The Time Is Right: Washington Is Ready to End Youth and Young Adult Homelessness

Our Executive Director, Jim Theofelis, has dedicated his life to helping young people, as an advocate, a clinician and a leader in the movement to reform foster care and end youth and young adult homelessness. In this four-part series, Jim shares why he believes Washington state is poised to end youth and young adult homelessness, and what solutions he believes will make the greatest impact. 

During my forty years on the front lines serving youth and young adults, it’s been my stubborn belief in solutions that’s kept me going. I’ve had some sobering moments, like attending the funerals of young people who did not survive the horrors of homelessness, and moments of great hope, like – pardon the repetition – passing the HOPE Act and founding The Mockingbird Society.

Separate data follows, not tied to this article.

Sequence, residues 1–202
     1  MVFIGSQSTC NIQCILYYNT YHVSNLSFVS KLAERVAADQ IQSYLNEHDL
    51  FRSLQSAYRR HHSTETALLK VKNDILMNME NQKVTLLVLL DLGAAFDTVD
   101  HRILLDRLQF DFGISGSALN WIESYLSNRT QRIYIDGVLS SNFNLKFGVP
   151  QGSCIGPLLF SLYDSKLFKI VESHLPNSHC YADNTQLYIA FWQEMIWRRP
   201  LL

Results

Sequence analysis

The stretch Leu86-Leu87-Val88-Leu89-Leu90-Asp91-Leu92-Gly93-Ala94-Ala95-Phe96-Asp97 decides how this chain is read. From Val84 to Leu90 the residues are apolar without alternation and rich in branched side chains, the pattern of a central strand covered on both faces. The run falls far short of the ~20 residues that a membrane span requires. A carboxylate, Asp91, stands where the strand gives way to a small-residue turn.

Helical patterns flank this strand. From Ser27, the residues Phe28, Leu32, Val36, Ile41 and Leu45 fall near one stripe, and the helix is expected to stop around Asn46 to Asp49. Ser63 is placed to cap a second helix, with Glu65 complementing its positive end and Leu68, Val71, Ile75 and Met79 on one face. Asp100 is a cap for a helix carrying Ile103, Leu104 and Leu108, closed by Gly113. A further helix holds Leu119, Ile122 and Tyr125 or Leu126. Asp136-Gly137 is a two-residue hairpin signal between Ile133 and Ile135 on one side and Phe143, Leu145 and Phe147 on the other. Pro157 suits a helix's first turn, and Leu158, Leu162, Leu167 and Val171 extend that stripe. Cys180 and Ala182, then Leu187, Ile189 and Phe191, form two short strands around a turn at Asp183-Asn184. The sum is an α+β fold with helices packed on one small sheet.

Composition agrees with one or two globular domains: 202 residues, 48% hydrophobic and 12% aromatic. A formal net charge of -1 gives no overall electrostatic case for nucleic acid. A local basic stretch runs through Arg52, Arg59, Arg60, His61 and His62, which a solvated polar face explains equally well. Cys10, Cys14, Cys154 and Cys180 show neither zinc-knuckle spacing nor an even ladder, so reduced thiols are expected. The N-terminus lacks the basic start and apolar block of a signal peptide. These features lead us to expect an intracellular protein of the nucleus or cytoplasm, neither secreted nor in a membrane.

The Mockingbird Society Network Representatives Jonathan Hemphill, Avrey Tuttle and Farid Rasuli join Jim to celebrate the 2019 legislative session


After all these ups and downs, these past few years launching A Way Home Washington and the Anchor Community Initiative have convinced me that we’re at a unique and promising point in time to end youth and young adult homelessness in Washington. I’ve seen policymakers, service providers, philanthropy, government agencies, business leaders – in short, entire communities – rally around our collective North Star: making sure no young person is forced to sleep outside or in unsafe conditions. And I’ve seen young people’s voices at the center of the movement, advocating for their peers, co-creating initiatives and sharing in decision-making. We’re all on this journey together and ending youth and young adult homelessness is in our reach.